Piazza ripped the Dodgers in a 1998 opening day interview with the Los Angeles Times, which should have been no surprise because as the team’s union player rep he had also ripped management just before and through the brutal 1994-95 Major League Baseball strike.
Meanwhile, as the Dogs began the season losing the first four, Scully was ripping Piazza, the catcher wrote. (For what it’s worth, the longtime Voice of the Dodgers denied all of Piazza’s assertions to the Times‘ Bill Shaikin.)
To add insult to insults, when no team had signed Piazza for the 2008 season, he heard through longtime Fullerton resident Lasorda, the godfather of his brother, that the Dodgers might be interested. But the team went on to sign Gary Bennett to back up Russell Martin.
“Even to the end, 10 years after they’d traded me, the Dodgers were still jerking me around,” Piazza wrote. “If they’d brought in Pudge Rodriguez, sure, I could understand that. But Gary Bennett?”
Piazza retired via email on May 20, 2008.
So how did he help make me an Angel fan? I vividly recall his last years in LA. Though I was not covering the team, I always sensed management did not appreciate him, especially given his special relationship with Lasorda and special way he broke into the Bigs. I don’t specifically recall Scully having anything to do with this feeling, but I always thought Piazza being the player rep had a lot to do with it. You know, like screw you for siding with the players instead of one of the most storied franchises in sports.
Anyway, it was a combination of seeing the giant poster of Piazza being removed from Dodger Stadium and the strike a few years earlier and the strike in the ’80s before that and the four strikes within 22 years and Rupert Murdoch’s Fox assuming full ownership from the only Dodgers owners I had known, the O’Malley family, that had me not only swearing off the Dogs but all of professional baseball.
Then, while channel surfing, I caught some games on cable when the Angels were being managed by Terry Collins, who you may know as last year’s National League Manager of the Year, having taken to the World Series none other than the … wait for it … Mets. The Angels under Collins weren’t nearly as great, but they were scrappy, like the young Mike Piazza had been.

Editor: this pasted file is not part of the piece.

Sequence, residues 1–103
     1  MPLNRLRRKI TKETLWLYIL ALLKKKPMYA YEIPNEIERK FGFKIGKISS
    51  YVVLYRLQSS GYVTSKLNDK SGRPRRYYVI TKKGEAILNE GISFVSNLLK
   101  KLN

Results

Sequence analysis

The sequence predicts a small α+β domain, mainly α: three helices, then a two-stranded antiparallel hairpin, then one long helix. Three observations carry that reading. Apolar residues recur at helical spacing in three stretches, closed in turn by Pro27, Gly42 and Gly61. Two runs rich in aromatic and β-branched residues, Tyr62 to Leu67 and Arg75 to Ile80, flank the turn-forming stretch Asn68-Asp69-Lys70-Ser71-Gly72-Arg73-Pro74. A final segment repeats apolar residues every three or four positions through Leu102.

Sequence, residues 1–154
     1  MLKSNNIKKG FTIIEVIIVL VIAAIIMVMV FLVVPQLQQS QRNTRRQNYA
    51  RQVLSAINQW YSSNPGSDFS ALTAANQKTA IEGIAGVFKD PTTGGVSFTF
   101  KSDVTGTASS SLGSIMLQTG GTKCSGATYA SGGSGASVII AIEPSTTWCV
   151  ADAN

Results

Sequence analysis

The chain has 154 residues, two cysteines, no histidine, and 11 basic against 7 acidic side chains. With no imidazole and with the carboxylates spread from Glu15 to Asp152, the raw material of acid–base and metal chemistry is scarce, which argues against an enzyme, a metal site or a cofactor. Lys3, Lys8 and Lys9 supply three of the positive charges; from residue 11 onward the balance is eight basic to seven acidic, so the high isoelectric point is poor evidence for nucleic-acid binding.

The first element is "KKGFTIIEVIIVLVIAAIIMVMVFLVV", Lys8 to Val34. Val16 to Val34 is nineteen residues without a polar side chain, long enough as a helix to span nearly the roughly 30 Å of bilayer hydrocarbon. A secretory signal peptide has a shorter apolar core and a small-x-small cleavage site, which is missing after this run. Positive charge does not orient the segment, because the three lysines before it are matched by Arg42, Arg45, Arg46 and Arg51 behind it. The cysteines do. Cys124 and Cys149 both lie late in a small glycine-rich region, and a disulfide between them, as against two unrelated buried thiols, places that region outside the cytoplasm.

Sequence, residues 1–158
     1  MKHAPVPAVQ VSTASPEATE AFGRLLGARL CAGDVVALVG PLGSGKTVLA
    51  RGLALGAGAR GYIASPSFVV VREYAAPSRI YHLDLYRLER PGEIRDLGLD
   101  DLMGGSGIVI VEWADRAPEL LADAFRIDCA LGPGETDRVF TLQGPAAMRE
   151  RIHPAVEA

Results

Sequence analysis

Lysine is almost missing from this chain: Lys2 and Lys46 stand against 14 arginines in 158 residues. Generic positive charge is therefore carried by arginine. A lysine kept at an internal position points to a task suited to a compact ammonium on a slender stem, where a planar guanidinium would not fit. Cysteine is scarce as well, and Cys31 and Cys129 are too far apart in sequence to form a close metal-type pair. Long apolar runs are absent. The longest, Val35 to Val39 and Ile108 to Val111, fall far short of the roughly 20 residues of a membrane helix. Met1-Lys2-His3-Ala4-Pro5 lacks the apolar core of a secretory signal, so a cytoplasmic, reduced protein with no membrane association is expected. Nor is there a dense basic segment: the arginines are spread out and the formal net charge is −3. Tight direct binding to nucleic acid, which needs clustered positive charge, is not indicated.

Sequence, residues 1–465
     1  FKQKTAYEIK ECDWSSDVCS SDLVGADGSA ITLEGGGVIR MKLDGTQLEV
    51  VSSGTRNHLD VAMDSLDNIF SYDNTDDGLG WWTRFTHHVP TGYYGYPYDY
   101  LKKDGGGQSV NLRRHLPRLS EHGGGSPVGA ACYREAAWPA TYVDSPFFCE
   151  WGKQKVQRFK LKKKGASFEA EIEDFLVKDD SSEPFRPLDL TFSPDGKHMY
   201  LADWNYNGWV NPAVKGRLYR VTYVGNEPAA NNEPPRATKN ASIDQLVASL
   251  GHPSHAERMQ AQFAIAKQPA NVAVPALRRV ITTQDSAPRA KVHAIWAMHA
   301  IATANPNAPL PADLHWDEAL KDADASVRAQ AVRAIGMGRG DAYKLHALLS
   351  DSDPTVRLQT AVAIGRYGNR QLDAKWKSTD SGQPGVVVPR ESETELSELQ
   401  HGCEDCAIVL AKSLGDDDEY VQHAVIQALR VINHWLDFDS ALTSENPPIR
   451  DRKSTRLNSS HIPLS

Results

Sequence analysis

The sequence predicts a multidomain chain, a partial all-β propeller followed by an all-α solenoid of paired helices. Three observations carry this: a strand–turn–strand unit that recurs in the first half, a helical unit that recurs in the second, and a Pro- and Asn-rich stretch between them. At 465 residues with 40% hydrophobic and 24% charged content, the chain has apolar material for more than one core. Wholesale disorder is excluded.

Those Angel squads seemed to be building toward something, unlike that freak show in Chavez Ravine. Sadly, the short-fused Collins was mutinied by his own players in the early part of the 1999 season, but the Dodgers in their stupidity let another Lasorda protege (and former catcher) Mike Scioscia leave to become the Angels manager. That made it all the more sweet for me to have already jumped on the bandwagon by then, and the 2002 World Series championship sweeter still.
Hey, when’s the last time the Dodgers won the Series?
Bleeding Angels red is amazing considering how plastic I always considered Angel Stadium and how much I hated the designated hitter rule. Now I love the Disney-fied Big A. The DH? Not so much.
My favorite National League team, especially since the Bryan Stowe incident, is the Giants. In fact, my vintage Willie Mays jersey just arrived via UPS. I’ll wear it inside out during any inter-league games against the Halos, however.
And I’ll be cheering extra loud for Piazza when he is inducted into Cooperstown on July 24. As a Met. As he should.